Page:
There are many slang terms for money but their etymology are often uncertain. For instance, the word “bucks” became a substitute for “dollars” probably in the 1700s when deerskins were a popular currency in North America. The term a “grand” is believed to be mobsters’ code word from the early 1900s, meaning one thousand dollars, which at the time was a ‘grand’ sum of money.
Fast forward to modern day China and Rmb100 million ($15.6 million) is known as xiaomubiao, or a “tiny target”. Any Chinese netizen can immediately explain why: it’s a famed term coined by Wang Jianlin, chairman of property conglomerate Wanda Group.
In a televised interview he offered his advice to young people aspiring to be as rich as himself. Wang recommended that they should not be “too ambitious”. What they really needed, Wang suggested, was a step-by-step approach which should begin by setting themselves a reachable “tiny target” of making Rmb100 million first.
To many the tycoon’s advice sounded like it was somewhat divorced from the reality of their lives – to most Rmb100 million is anything but ‘tiny’. The term was soon being employed online in an ironic sense and was so widely shared that by the end of 2016 xiaomubiao was voted by internet users as China’s buzzword of the year. (Significantly it even beat out hotly promoted official terms such as “Belt and Road” in the polling.)
Wang had set himself a slightly more challenging xiaomubiao for 2017: to grow Wanda’s asset size by Rmb100 billion to close to Rmb1 trillion. The 63 year-old tycoon had good reasons to feel buoyant at the time. Forbes had just named him China’s richest man (again). His overseas shopping spree had also left Wall Street bankers and Hollywood celebrities equally awed as he snapped up, just to name a few, US cinema chains, a major stake in a top Spanish football club and prime London real estate.
Wang was so confident in Wanda’s prowess that, when giving a speech at the elite Tsinghua University in January last year, he came up with another widely quoted statement: “Whichever sector Wanda has entered, state-owned enterprises will have no chance to be the boss.”
But one-year on and Wang’s mood couldn’t be more different. Wanda’s breakneck growth has gone into reverse. The deals now being discussed are no longer megabuck takeovers but the sale of core assets to stave off a worsening debt crisis. And as we pointed out last week (see WiC394) Wanda even had to dramatically scale back its tech division and cut the workforce in that supposedly high growth unit from 6,000 to 300.
Thus the new buzzword now circulating about Wang is Waterloo.
‘Wang Jianlin meets his Waterloo?’
That rhetorical question is the word-for-word headline used in an article that has gone viral since last month. The piece was first published on Baoyouqu, a zimeiti (literally “self media”) platform, on December 11. Within days it had attained the stellar “100K+” status on WeChat, which means more than 100,000 had read it. Moreover when something generates that level of interest on the market leading WeChat platform, it’s fairly certain that it is trending aggressively across other social media platforms as well.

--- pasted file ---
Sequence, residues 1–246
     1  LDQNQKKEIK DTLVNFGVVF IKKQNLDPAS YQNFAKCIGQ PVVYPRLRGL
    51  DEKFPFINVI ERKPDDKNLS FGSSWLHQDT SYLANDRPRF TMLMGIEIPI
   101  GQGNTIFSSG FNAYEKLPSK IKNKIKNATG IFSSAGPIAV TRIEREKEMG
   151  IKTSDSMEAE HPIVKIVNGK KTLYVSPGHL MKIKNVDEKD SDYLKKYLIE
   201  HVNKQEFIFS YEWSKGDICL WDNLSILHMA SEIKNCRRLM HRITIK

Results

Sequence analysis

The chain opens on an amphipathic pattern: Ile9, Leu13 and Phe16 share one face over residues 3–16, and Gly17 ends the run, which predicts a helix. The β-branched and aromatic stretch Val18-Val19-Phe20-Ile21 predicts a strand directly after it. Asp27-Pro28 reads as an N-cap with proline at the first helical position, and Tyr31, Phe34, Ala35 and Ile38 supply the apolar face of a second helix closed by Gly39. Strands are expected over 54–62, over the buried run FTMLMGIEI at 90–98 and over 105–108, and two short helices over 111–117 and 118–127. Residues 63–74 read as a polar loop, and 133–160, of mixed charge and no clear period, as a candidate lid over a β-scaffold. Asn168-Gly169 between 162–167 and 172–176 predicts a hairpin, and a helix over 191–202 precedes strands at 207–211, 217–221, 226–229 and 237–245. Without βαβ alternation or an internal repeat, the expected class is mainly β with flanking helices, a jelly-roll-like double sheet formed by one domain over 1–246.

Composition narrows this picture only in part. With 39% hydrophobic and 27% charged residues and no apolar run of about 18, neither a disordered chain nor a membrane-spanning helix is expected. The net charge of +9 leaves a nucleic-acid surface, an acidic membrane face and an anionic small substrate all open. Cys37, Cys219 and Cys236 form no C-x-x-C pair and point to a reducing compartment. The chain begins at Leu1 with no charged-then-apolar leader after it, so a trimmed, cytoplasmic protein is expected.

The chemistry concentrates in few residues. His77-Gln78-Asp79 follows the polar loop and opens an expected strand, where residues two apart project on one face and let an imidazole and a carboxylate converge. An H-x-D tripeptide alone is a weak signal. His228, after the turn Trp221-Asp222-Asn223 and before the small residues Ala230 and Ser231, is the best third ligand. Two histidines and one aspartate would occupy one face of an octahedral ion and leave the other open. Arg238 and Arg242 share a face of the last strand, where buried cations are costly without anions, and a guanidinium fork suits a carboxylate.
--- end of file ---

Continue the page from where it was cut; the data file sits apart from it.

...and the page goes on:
The 5,500-word article was written by a famous blogger with the pseudonym Grandpa Beast. The blogger – formerly a senior property market reporter at Southern Weekend – tries to explain why Wang has suffered such a swift reversal in fortune (incidentally, his last 100K+ offering was a 2016 article on the girlfriend of Wang Shi, who founded the iconic developer China Vanke).
Wang Jianlin’s Waterloo moment, Grandpa Beast suggested, came in May last year when Wanda appeared to have stood in the way of the state giant China Railway’s Bandar Malaysia property project in Kuala Lumpur. This, the blogger noted, was a key cog in Chinese President Xi Jinping’s Belt and Road Initiative (BRI).
The article – aside from discussing the significance of this deal in the Malaccan Strait – also went into great detail about how Wang’s firm rose to prominence in China’s northeast, his relations with the central government, his group’s liquidity concerns and Wanda’s resultant asset disposals.
In response to the article Wanda has published an eight-point statement dismissing Grandpa Beast’s comments. Among the rebuttals, the group insisted its financial health remains sound with more than Rmb200 billion in its cash accounts. “All operations are normal, with no debt defaults,” the statement said.
It also hit back that the recent departure of two senior executives was a result of voluntary early retirements and should not be read as a sign that Wanda’s business was faltering. The statement likewise warned that Wanda had alerted the Chinese authorities to the article and said its author may be held criminally liable for defamation.
Did Wang derail a BRI plan?
Malaysia’s Bandar project is one of the largest undeveloped sites situated in any capital city in the world: the former military airbase spans an area five times the size of Tiananmen Square.